According to quantum mechanics energy in physical systems cannot be exchanged in arbitrarily small portions, but is quantised. A single elementary particle is an example for such a quantum. In a many body system energy cannot only be carried by individual elementary particles, but also by their collective movement. The elementary quanta of these collective excitations or "plasma waves" often behave as if they were actual particles themselves and are usually referred to as quasiparticles. Well-known examples of this behaviour are phonons or plasmons. A luon is a hypothetical quasiparticle that can be interpreted as collective excitation of scalar fields in a hot plasma.[1] Since numerous scalar fields appear in many extensions of the Standard Model of particle physics, luons could play a role in the early universe at very high temperatures. However, it is difficult to confirm their existence in nature. The only elementary scalar field the existence of which is supported by experimental data is the Higgs field. The creation of a plasma of Higgs bosons in the laboratory would require temperatures of more than Kelvin because of their large mass of 125 GeV. This problem is even more severe for the even heavier hypothetical scalar fields in theories of particle physics beyond the Standard Model.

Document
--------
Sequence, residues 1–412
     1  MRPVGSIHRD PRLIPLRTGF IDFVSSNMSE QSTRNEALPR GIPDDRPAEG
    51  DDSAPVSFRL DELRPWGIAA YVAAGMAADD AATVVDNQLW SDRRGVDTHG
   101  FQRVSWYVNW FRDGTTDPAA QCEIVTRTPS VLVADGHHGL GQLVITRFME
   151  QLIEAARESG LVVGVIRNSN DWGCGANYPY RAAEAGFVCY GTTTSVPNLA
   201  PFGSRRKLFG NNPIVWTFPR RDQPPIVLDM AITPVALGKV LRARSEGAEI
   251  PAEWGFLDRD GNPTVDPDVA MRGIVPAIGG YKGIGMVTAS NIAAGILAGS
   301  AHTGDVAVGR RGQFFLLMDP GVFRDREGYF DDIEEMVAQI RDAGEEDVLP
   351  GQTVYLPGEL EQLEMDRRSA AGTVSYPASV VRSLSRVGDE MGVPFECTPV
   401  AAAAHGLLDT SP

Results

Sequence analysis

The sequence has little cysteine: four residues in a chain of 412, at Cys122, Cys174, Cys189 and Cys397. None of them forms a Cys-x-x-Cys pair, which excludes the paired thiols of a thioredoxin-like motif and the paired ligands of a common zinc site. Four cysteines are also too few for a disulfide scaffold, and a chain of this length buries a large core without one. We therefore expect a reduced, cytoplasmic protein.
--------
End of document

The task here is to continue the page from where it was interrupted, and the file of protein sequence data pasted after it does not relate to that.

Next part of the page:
References Edit

  1. Marco Drewes (2014). "Novel collective excitations in a hot scalar field theory". Physics Letters B 732 (C): 127–136. doi:10.1016/j.physletb.2014.03.019.